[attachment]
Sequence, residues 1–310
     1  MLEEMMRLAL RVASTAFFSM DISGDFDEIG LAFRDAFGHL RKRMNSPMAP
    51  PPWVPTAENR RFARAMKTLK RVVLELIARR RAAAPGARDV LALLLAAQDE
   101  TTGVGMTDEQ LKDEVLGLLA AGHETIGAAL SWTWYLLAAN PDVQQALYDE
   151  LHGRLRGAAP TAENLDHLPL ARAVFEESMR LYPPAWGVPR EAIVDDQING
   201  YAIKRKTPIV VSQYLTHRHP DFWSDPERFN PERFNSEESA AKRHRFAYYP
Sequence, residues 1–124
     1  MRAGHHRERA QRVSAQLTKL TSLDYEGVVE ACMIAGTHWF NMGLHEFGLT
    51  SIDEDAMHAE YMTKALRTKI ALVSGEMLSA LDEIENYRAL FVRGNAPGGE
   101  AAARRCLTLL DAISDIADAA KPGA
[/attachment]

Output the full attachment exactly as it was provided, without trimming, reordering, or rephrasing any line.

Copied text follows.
Sequence, residues 1–310
     1  MLEEMMRLAL RVASTAFFSM DISGDFDEIG LAFRDAFGHL RKRMNSPMAP
    51  PPWVPTAENR RFARAMKTLK RVVLELIARR RAAAPGARDV LALLLAAQDE
   101  TTGVGMTDEQ LKDEVLGLLA AGHETIGAAL SWTWYLLAAN PDVQQALYDE
   151  LHGRLRGAAP TAENLDHLPL ARAVFEESMR LYPPAWGVPR EAIVDDQING
   201  YAIKRKTPIV VSQYLTHRHP DFWSDPERFN PERFNSEESA AKRHRFAYYP
Sequence, residues 1–124
     1  MRAGHHRERA QRVSAQLTKL TSLDYEGVVE ACMIAGTHWF NMGLHEFGLT
    51  SIDEDAMHAE YMTKALRTKI ALVSGEMLSA LDEIENYRAL FVRGNAPGGE
   101  AAARRCLTLL DAISDIADAA KPGA